8 apps and hacks to save battery on your phone

15 Feb 201617 Shares

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We’ve done the leg work for you, finding 8 apps and hacks to help you make your smartphone last longer than five hours, which should keep you happy when you’re stuck on the bus after a long day’s work.

Keeping your smartphone juiced can prove terribly frustrating, with even the simplest browse of the web seemingly draining away your electronic enjoyment time.

So what can you do to ensure a longer life away from the socket? Well, we’ve rounded up eight apps and hacks that should make things a little bit easier.

1. Greenify – Android

This app seems to be the best of the bunch. Rather than shutting down apps that aren’t in use, Greenify forces hibernation instead. This seems counter intuitive but, going by the logic that booting up an app takes more energy than waking up a sleeping one, it actually makes a good deal of sense.

While apps are in hibernation, your phone is able to better optimise its performance on other tasks, tasks that are more critical to what you’re doing right now.

Greenify battery saver

It’s a low-maintenance app and, if you’re not the best at turning apps off in the background (which can be done by simply going to Settings, Background App Refresh and turning it off) then Greenify is your best bet.

2. Uninstall Facebook – iOS & Android

Okay, I know, you spend your down time, up time, toilet time and dinner time scrolling through your friends’ Newsfeeds on Facebook. For you, maybe scroll on. But for those of us who don’t use the app much at all, getting rid of it might be your best bet.

That’s because, no matter what you do, once it’s on your smartphone it starts hovering up all your battery, regardless of use. A recent The Guardian report found that it uses around 15pc of iOS battery life, which is huge. Worse, though, if you’re on Android, having no Facebook or Messenger app makes for a 20pc longer-lasting phone.

Of course, for some of us, who have phones with the app pre-installed, it can be difficult to even rid ourselves of such an annoyance.

3. Battery Doctor – iOS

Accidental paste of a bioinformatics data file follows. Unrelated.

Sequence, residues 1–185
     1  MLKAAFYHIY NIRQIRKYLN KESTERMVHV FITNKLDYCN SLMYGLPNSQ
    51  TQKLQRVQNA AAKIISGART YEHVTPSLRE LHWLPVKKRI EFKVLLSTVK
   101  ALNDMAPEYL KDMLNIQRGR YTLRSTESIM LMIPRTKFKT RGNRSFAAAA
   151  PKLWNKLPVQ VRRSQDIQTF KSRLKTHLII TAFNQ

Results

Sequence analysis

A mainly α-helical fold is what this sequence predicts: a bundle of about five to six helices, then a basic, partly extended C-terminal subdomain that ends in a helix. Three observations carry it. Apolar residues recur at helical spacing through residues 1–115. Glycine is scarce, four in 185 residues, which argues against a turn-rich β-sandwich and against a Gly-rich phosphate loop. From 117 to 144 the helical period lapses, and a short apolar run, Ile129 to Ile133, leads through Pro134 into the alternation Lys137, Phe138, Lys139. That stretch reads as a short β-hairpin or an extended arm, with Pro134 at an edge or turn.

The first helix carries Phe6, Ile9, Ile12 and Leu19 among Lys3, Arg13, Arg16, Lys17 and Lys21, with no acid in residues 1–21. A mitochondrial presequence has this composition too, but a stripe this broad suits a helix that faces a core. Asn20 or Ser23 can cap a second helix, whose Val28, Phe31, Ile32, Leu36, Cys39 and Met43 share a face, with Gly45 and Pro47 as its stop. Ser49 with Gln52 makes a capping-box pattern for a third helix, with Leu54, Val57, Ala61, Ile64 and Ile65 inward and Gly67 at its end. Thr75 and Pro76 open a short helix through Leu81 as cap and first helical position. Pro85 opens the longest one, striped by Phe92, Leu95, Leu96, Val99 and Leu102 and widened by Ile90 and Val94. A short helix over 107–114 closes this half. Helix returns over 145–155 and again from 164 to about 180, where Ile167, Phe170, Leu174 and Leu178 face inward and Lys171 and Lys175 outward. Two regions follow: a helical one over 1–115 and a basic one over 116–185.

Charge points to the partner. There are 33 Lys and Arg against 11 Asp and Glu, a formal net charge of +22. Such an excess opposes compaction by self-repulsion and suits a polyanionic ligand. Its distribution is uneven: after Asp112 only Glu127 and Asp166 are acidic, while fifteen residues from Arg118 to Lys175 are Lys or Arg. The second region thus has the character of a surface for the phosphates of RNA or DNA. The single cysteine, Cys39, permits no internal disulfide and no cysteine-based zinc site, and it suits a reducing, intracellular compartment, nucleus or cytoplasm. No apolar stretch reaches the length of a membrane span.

A nice and basic one now, for iOS users miffed with Greenify’s preference above. Battery Doctor is a good shout on Apple products, protecting your battery to a good standing.

Battery Doctor battery saver

There are extras, too, with power consumption rankings – granted, many phones have these already, however few people seem to search for them – as well as personalised tips on how to maintain your battery.

4. Dark wallpaper

Nobody said this list would entirely make sense, at first! It turns out that, depending on your smartphone’s screen, the darker the background image, the better. Well, actually, an all-black background screen is better.

As the wonderful Android Pit wrote recently, AMOLED screens bring about certain battery usage qualities, some of which can be capitalised on surprisingly easily.

AMOLED screens produce light when a current passes through its organic material, “electroluminescence”, Kris Carlon explains.

“AMOLED displays are easier on your battery because every pixel is not always lit up. They also show ‘true’ blacks because there is no back-lighting.” Thus, black wallpaper, less energy use.

5. Turn off GPS/Bluetooth

We’ve mentioned this before but there’s probably little to no need for you to have GPS turned on all the time. Unless you’re job is reliant on precise location – we’re thinking taxi drivers using Hailo – then it’s just a drain. Actually it’s one of the bigger drains on your phone as it is always fully active.

So, too, Bluetooth. Think of Bluetooth like Wi-Fi – which you should also only have on when you’re using it – as it’s constantly scanning for hook-ups. If you aren’t using it at the moment, switch it off. It boots up very quickly, so you’re never more than a few seconds away from having it up and running, so box clever on this and you’ll save a fair chunk of juice.

6. No, to notifications

I’ve banged this drum a few times now but are notifications on most of your communications apps – or general communications options – truly necessary? Do you need to know when someone commented on your Facebook post? Do you need to know now? This very second?

The odds are you check your phone every 15 minutes or so anyway, so you’re never longer than that away from whatever imperative chat that consumes you once you’re in. Say goodbye to vibration, even any sound if you can.

You’d be amazed the difference it makes.

7. DU Battery Saver – Android

DU Battery Saver is an Android app that handles itself a little differently than you’d expect. In-app purchases to enhance the capabilities of the fairly efficient battery-saving techniques are bought by DU Coins, which you can garner by downloading recommended apps. Personally, I’m not into that side of things, but one technique DU Battery Saver has in its favour is its temperature management.

Basically speaking, it does the same as other battery-saving apps, but it’s temperature management – monitoring which apps heat up your phone the most, and subsequently turning them off – is pretty cool.

8. Turn on battery saver mode – Android & iOS

The battery-saving options on both Android and iOS work pretty well. Largely turning off app use in the background or, more importantly, halting mail fetch and similar trawling work that apps get up to when your screen is locked, having this turned off for any reason seems odd to me.

Unless you have a Sony phone, that is, but their batteries are powered from witchcraft, so they are ruled out from the get go.

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Phone image via ymgerman/Shutterstock

Gordon Hunt is a journalist at Siliconrepublic.com

editorial@siliconrepublic.com